Bill Clinton Seeks Release of Imprisoned Current TV Journalists

Former president travels to North Korea on private mission to free Laura Ling and Euna Lee

Former President Bill Clinton arrived in North Korea early in the morning of Aug. 4 to attempt to negotiate the release of jailed American journalists Laura Ling and Euna Lee.

The mission is a private one, but one undertaken with the blessing of the White House.

"While this solely private mission to secure the release of two Americans is on the ground, we will have no comment," White House press secretary Robert Gibbs said in a statement. "We do not want to jeopardize the success of former President Clinton's mission."

Secretary of State Hillary Rodham Clinton has been quietly negotiating for the journalists' release. Lee and Ling have been incarcerated in North Korea since March when they were picked up by a military patrol after entering the country from China. They were working on a report for Current TV, co-founded by Clinton's former vice president, Al Gore, about North Korean refugees fleeing into China. In June they were sentenced to 12 years of hard labor.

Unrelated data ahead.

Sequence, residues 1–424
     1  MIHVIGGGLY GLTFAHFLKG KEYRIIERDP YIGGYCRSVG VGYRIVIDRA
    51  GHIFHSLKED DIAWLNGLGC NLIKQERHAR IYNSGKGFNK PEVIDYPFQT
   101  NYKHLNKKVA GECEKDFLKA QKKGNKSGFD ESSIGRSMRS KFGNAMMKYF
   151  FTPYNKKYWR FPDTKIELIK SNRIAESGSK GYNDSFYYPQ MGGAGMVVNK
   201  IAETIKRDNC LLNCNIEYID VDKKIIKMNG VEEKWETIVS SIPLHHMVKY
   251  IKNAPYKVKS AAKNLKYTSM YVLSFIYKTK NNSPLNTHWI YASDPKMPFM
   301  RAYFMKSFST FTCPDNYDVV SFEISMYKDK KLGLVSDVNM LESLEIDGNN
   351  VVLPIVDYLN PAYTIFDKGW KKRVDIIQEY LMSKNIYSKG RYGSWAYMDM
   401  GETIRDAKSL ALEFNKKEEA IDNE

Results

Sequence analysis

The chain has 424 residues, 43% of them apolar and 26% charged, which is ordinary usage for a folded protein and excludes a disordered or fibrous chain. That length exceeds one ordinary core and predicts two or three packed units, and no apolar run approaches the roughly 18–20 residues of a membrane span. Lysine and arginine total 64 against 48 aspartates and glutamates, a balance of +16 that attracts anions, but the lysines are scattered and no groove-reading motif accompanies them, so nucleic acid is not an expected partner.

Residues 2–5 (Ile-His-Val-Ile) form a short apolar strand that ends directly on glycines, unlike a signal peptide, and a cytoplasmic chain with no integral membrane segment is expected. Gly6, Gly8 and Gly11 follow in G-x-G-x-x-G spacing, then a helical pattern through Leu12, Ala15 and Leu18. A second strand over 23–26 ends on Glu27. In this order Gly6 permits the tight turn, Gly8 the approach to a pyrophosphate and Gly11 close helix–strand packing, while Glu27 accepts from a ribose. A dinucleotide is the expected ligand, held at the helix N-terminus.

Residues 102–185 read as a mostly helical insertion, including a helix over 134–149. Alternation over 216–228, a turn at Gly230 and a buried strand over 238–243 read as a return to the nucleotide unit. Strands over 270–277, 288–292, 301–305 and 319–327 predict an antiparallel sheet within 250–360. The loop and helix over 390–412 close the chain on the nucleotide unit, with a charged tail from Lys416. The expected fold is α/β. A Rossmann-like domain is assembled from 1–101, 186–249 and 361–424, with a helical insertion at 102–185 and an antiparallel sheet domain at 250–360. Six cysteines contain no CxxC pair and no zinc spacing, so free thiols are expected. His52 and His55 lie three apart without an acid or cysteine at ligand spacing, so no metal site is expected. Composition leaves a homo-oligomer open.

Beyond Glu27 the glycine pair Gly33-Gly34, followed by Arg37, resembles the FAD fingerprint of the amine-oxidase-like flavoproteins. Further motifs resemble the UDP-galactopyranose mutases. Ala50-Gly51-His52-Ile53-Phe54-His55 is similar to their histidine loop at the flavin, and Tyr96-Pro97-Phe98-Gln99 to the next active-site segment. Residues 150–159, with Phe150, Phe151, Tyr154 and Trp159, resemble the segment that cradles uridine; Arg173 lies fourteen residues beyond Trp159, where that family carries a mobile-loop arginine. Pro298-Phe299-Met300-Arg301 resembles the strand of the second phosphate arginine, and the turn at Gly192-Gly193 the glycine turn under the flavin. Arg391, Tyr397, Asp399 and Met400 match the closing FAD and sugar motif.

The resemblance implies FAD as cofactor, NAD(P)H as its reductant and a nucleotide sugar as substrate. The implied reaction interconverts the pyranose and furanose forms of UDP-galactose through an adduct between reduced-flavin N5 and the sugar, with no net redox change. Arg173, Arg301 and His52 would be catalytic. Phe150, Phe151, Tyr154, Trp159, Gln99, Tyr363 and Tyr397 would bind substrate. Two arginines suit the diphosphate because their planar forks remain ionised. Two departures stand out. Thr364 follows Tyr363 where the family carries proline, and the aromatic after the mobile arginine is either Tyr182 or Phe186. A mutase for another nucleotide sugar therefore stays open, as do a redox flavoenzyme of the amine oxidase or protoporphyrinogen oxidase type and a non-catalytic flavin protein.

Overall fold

The former president's trip comes at a delicate time in U.S./North Korean relations; North Korea has acted particularly aggressively, testing nuclear devices and launching multiple ballistic missiles.

Executives at Current TV have maintained a steady silence on the matter.


Analysis: Waiting for Ling and Lee

What lessons can we learn—both diplomatic and journalistic—from Current TV reporters Laura Ling and Euna Lee about their five months in North Korean captivity? We’re still waiting.